“Racial Justice is the systemic fair treatment of all races that results in equitable opportunities and outcomes for everyone,” said day-one keynote speaker Rink Sen, Executive Director of Race Forward based in New York City. The complexities of institutional bias require us to invest our thoughts, actions and words in ways through which we might correct the failings of our past today in order to achieve better social circumstances tomorrow. As the event was themed “Changing The Narrative” I was interested in discovering how as a writer and storyteller I might help to change how we talk about race.
I learned that we have to challenge our presumptions. Despite the progress we have made in eliminating legal discrimination there still real remain institutional biases that deny justice for all.
“Question your conclusions, especially when you think you’re right,” said day-two keynote speaker, author and diversity advocate Verna Myers. “Intensionally look to break your unconscious bias.”
Nothing is as it seems. Just as we cannot assume all people of color live in poverty we cannot take for granted that all white people enjoy privilege and prosperity. I believe that we have to dismantle our common narratives and understand that even though we were all created equal we do not necessarily share the same cultural experiences or values. We must therefore learn to empathize with those of life circumstances that are different from our own and not as Myers said, “treat people the way WE would like to be treated, but rather how THEY would like to be treated.”
A week later that spirit of empathy rattled around somewhere in my head as I sat in a restaurant ballroom expected to advocate for the management of public land. As a board member of the Ice Age Trail Alliance I have the privilege of helping to protect space set aside for all people to enjoy. As a land trust organization we voted to acquire thousands of acres for recreational use and environmental protection. Somehow it occurred to me that with a seat at this particular table I was making it possible for anyone with the inclination, disposable income and leisure time to spend time in nature. But the reality is that due to the enduring inequities of wealth and privilege in our society, which sadly still fall along racial lines, there continues to be a disparity between those who can experience the outdoors and those who cannot. So if we are going to protect the natural environment we must work to resolve issues of racial justice as well.
Perhaps the sense of dread I feel stems from the overwhelming magnitude of this particular challenge. With so many other issues facing our society today homelessness, wage disparities, disproportionate rates of incarceration, drug abuse and gun violence, how can we expect to make environmental protection a national priority. As a solitary individual with limited resources and influence there is only so much I can ever accomplish to achieve the goals I seek. Blessed with the privileges of a debt-free college education, domestic stability, home ownership and financial literacy who am I to suggest to the parents of children who may not know where their next meal is coming from that they should seek solace in nature?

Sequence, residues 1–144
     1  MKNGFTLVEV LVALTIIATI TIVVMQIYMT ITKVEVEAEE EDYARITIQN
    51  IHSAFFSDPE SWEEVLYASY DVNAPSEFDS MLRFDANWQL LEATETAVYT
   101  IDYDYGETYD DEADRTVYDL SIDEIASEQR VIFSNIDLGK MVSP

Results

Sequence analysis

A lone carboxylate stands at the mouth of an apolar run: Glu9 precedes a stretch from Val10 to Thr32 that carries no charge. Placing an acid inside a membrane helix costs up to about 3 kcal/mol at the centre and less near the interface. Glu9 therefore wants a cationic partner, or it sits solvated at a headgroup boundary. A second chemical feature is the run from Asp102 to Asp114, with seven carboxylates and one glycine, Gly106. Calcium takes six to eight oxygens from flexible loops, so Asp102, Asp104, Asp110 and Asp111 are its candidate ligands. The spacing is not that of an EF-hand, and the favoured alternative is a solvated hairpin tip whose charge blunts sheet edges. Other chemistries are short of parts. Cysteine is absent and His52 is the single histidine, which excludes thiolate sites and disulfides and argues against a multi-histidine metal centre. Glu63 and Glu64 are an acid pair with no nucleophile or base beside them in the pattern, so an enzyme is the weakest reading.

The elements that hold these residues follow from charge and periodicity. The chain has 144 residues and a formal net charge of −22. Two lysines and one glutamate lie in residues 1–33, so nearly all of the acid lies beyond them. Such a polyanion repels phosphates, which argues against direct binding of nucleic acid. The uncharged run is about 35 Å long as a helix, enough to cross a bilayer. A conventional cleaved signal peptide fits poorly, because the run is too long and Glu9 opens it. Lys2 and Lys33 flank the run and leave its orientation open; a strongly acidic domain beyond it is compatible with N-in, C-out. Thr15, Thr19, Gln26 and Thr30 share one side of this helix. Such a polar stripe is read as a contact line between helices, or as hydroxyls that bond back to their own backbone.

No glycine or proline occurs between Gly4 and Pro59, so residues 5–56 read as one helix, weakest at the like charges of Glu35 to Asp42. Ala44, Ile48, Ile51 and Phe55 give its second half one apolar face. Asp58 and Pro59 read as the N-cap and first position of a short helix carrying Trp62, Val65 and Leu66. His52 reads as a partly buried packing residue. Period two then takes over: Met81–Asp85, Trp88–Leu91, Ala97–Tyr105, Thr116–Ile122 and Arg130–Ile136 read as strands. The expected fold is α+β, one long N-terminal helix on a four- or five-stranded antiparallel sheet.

It’s not enough to merely set land aside for public use and declare that it is free and open to everyone. If we’re going to truly protect these wild places we must also repair the damaged systems that have traditionally provided the American people with the social capital necessary to enjoy them. If public land is going to be accessible to all we must also work to provide everyone with a living wage, affordable housing, health care, equitable banking services, fully funded public schools, access to nutritious food, clean drinking water and conscientious law enforcement. By removing the institutional biases that put these basic necessities out of reach for so many I believe that we can heal the wounds of our nation first inflicted by the trauma of racism and discrimination. If we can just acknowledge our common humanity and insist upon the fair treatment of everyone I believe that we can achieve racial justice as well as environmental justice.
With the leaves and yard waste piled neatly at the curb I set the rake back on its hook in the garage. In the coming weeks more leaves will fall but they will be swept into the flower beds to mulch Shamane’s spring tulips and daffodils. With her garlic bulbs planted before the first hard frost we’re pretty much set for the cold weather yet to come. But there is still so much to do. For now, just Sasha darts about in the sunshine of a cool autumn morning daring me to turn my work into play, I must find joy in this labor of love. I understand as a practical matter, like raking fall leaves, that I must put aside my bitterness and cynicism to do what I can to inspire others to continue in these essential tasks to make our world a better place.
“It’s going to snow soon,” I thought as Sasha followed me into the house. “And we have to get ready for winter.”